It is a terrible thing to abuse a child; it is also a terrible thing to accuse somebody of the crime. To assert their guilt is hugely damaging, many would rather be accused of murder. It is not ignoble to publicly ask for proof.

The House of Lords considered the matter last Thursday, and in the course of the debate the Church’s handling of the case was described as ” slippery” and “disingenuous”. A former Archbishop, Lord Carey described the secret process that led to the conclusion as a “kangaroo court”.

In the course of the debate, Baroness Elizabeth Butler-Sloss reminded the Lords of a legal principle in such cases. The more implausible event, the more cogent will be the evidence needed to establish it.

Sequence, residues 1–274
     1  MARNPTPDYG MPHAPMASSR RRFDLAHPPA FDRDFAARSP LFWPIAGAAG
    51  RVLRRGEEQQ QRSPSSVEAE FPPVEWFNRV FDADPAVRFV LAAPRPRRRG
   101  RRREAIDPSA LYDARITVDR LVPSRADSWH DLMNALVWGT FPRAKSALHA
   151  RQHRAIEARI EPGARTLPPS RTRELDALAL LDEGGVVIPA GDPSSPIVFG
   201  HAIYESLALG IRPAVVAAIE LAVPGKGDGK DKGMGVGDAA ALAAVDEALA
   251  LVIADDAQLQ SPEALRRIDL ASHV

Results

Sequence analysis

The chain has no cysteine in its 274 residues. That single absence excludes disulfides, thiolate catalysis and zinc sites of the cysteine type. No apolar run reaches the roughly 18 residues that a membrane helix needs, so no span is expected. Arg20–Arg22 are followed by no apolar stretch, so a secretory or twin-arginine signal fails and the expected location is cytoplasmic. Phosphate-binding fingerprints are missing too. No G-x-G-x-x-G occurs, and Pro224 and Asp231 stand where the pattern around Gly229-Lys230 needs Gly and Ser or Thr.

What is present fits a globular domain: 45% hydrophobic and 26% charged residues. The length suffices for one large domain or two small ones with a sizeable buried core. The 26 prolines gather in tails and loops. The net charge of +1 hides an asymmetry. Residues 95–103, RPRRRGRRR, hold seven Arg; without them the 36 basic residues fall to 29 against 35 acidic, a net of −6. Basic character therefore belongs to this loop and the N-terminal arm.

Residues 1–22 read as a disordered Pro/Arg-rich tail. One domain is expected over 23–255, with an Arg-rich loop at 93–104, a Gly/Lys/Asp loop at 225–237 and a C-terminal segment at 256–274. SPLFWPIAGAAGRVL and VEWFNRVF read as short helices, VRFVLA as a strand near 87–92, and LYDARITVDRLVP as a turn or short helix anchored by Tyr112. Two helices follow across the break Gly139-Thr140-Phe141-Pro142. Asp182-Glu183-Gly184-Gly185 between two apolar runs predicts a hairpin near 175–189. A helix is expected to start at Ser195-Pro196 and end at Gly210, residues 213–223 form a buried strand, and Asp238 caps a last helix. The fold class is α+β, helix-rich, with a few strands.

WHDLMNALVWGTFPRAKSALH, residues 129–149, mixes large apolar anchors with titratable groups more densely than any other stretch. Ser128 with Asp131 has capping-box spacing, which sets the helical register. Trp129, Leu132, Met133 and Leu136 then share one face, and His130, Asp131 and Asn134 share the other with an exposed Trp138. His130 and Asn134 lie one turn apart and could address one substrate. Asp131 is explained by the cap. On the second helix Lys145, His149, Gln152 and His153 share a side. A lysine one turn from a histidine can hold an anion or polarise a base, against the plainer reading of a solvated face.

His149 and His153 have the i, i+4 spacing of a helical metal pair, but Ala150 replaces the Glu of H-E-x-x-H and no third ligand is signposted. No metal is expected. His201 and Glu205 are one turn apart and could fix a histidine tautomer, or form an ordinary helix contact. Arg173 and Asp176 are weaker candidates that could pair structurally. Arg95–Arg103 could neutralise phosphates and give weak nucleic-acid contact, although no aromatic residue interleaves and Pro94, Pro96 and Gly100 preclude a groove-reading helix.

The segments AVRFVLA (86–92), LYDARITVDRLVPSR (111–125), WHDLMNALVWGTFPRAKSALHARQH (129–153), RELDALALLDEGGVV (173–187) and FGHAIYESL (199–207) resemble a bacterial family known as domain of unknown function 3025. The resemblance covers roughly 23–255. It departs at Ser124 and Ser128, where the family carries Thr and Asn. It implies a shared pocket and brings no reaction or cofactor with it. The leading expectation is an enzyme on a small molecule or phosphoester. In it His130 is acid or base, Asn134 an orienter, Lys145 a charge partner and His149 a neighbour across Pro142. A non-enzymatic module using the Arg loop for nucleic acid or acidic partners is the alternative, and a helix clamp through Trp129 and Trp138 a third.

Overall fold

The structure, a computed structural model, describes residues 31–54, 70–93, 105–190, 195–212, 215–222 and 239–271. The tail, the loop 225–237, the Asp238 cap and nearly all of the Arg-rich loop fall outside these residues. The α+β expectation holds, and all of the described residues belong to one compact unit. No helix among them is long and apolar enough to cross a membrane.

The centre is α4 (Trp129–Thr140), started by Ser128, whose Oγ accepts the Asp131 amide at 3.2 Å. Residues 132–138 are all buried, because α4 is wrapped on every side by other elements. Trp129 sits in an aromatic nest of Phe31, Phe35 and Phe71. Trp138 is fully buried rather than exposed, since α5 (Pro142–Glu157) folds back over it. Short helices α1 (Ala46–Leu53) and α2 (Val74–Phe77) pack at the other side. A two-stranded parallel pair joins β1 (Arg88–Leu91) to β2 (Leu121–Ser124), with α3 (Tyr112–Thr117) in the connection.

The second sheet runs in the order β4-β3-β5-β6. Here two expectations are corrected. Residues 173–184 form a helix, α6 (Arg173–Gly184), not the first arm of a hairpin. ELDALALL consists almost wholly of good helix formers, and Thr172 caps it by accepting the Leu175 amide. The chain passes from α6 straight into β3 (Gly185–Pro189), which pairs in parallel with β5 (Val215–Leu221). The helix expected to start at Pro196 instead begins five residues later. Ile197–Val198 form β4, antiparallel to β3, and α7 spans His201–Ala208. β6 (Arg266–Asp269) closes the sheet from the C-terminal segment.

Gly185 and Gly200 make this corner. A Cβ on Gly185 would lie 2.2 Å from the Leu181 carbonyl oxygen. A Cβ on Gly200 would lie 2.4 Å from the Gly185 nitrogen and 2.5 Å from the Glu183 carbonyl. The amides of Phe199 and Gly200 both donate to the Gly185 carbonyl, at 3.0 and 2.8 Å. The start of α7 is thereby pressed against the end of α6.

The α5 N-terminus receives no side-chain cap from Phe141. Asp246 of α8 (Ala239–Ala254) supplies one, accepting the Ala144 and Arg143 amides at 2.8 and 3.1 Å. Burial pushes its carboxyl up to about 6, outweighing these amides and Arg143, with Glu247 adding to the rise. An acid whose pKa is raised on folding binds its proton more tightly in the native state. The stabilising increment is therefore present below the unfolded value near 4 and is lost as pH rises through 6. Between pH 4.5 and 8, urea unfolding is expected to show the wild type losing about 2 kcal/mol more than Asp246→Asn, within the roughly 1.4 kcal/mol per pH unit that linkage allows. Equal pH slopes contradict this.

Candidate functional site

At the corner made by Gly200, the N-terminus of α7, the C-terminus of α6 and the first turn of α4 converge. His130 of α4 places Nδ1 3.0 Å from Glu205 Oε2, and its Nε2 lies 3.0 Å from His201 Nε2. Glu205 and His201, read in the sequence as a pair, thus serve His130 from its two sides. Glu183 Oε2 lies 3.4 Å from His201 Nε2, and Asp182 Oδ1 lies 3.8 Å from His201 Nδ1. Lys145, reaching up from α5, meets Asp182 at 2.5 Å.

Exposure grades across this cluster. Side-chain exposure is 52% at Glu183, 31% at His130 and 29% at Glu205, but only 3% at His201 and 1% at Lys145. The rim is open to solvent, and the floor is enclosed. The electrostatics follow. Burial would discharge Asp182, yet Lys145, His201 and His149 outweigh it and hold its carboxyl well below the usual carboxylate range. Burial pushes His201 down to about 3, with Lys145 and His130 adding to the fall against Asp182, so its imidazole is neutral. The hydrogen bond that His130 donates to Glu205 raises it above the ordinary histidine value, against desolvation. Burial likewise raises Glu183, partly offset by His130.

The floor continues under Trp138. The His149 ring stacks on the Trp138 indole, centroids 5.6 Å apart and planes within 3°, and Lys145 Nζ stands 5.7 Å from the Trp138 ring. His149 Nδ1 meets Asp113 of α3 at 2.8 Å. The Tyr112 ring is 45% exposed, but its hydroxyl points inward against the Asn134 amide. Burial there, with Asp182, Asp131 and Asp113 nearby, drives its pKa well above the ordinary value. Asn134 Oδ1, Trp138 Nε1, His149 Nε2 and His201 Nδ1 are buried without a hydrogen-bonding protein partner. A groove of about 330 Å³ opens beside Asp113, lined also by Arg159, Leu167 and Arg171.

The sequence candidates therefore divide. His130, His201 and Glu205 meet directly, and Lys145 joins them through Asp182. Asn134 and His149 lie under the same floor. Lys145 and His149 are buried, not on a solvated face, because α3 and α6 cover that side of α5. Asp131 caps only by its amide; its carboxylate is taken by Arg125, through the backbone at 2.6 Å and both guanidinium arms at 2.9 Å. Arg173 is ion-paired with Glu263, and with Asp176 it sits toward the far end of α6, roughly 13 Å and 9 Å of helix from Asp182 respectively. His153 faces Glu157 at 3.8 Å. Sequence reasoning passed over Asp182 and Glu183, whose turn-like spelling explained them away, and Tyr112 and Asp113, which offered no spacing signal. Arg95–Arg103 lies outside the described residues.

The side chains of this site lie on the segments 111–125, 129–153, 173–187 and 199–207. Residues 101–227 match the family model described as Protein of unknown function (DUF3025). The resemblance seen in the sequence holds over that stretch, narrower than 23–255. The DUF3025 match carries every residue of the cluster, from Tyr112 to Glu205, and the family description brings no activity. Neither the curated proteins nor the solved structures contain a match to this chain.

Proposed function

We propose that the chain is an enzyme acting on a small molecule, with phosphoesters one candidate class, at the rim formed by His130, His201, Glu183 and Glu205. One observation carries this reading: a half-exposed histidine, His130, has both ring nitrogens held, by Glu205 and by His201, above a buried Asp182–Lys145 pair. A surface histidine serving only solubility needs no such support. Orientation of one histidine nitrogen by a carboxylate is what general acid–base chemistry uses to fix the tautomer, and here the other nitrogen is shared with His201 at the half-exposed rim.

Survival after crucifixion was inherently unbelievable. Resurrection from the dead was not credible. To believe such a thing required the most undeniable of evidence, so Jesus gave it to him, gave it to us, and today we celebrate the fact that Thomas doubted, that Jesus understood how very human it was to do that , and gave him the certainty that Thomas and we needed.

One hopes that the Church might relent in this most difficult of matters and provide as much transparency as may be consistent with protecting victim identity. It can be done and it can be done well by those who know what they are doing.

Doubt is human; it is not unreasonable where human institutions are concerned. It is especially justified in the case of a Church whose record of investigating such matters so dreadfully poor.